Yesterday was International Egg Day. And a good thing too, I suppose, although the egg trade is, as with everything else, fraught with moral and political problems. When in funds I like to buy free range eggs that are sold under the brand-name of ‘Happy Eggs’. I do hope so.
Eggs are symbolic: of a guarded treasure, rebirth, new hope and new life. Boiled, or made into tortilla, they’re a wonderful portable foodstuff. Elizabeth David gives a load of recipes, each subtly different, for the many French ways of cooking eggs. And there is little better in the way of comfort food than egg on toast.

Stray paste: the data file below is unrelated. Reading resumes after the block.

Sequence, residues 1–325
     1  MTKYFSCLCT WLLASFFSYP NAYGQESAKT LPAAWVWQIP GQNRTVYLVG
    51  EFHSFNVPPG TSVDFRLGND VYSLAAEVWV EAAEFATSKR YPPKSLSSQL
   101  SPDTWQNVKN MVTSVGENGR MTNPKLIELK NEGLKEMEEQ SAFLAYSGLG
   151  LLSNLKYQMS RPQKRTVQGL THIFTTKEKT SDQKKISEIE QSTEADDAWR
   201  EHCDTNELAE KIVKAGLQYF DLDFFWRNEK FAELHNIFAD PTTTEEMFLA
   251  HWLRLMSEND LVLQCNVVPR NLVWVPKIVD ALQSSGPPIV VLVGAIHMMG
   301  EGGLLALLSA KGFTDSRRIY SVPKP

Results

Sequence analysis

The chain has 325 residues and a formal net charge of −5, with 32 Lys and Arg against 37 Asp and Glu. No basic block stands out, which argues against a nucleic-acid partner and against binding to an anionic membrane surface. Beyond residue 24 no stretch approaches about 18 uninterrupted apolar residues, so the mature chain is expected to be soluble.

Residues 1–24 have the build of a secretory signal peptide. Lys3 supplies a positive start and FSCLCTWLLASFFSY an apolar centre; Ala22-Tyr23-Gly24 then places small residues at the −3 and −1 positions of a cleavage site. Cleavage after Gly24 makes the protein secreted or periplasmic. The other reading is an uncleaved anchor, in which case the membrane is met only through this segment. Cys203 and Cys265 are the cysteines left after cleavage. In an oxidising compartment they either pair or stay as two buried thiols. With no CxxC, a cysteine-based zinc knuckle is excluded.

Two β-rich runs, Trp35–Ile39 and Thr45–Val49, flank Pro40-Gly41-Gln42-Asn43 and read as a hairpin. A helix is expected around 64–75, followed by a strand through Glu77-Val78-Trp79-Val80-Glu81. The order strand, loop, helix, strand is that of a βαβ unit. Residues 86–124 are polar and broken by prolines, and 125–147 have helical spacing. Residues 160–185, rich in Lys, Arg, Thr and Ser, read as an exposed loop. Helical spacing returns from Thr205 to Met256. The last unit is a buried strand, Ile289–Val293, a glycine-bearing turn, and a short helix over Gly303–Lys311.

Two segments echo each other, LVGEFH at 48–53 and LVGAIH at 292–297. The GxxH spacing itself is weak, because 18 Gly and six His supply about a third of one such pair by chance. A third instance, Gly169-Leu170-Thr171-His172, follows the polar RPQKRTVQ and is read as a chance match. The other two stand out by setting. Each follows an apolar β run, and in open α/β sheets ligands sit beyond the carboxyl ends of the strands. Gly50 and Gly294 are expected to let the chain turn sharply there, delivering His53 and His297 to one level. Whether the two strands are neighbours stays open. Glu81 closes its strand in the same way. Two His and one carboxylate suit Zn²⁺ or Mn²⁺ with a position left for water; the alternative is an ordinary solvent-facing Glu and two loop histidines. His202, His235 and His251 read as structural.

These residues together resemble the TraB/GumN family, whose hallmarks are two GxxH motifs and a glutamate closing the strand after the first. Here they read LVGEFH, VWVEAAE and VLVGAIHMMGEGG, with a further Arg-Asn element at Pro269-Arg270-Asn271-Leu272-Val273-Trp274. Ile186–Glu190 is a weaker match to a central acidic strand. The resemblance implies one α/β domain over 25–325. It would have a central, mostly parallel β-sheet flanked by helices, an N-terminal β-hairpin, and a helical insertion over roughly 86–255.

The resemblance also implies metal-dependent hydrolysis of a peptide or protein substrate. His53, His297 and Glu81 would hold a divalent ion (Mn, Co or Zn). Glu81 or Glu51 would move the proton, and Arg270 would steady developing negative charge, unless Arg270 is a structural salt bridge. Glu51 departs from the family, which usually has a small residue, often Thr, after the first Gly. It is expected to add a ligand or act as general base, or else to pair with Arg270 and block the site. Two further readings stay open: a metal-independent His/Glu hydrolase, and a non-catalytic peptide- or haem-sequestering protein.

As for eggs in art, the field is limited. I give you, courtesy of Brother Eccles, the maddening character of Humpty Dumpty:
and there are the strange eggs of Hieronymous Bosch:
Poetry, too, does not dwell an awful lot on eggs: And I remember Spain, at Easter ripe as an egg for revolt and ruin, and so on. The Bible, too, is largely silent on the matter, except in a few verses – and nicely here, in the Gospel of Luke:
Follower of Joachim Beuckelaer – Girl with a Basket of Eggs
Note: the title of the post is taken from The Egg and I – the very funny 1945 memoir by Betty MacDonald.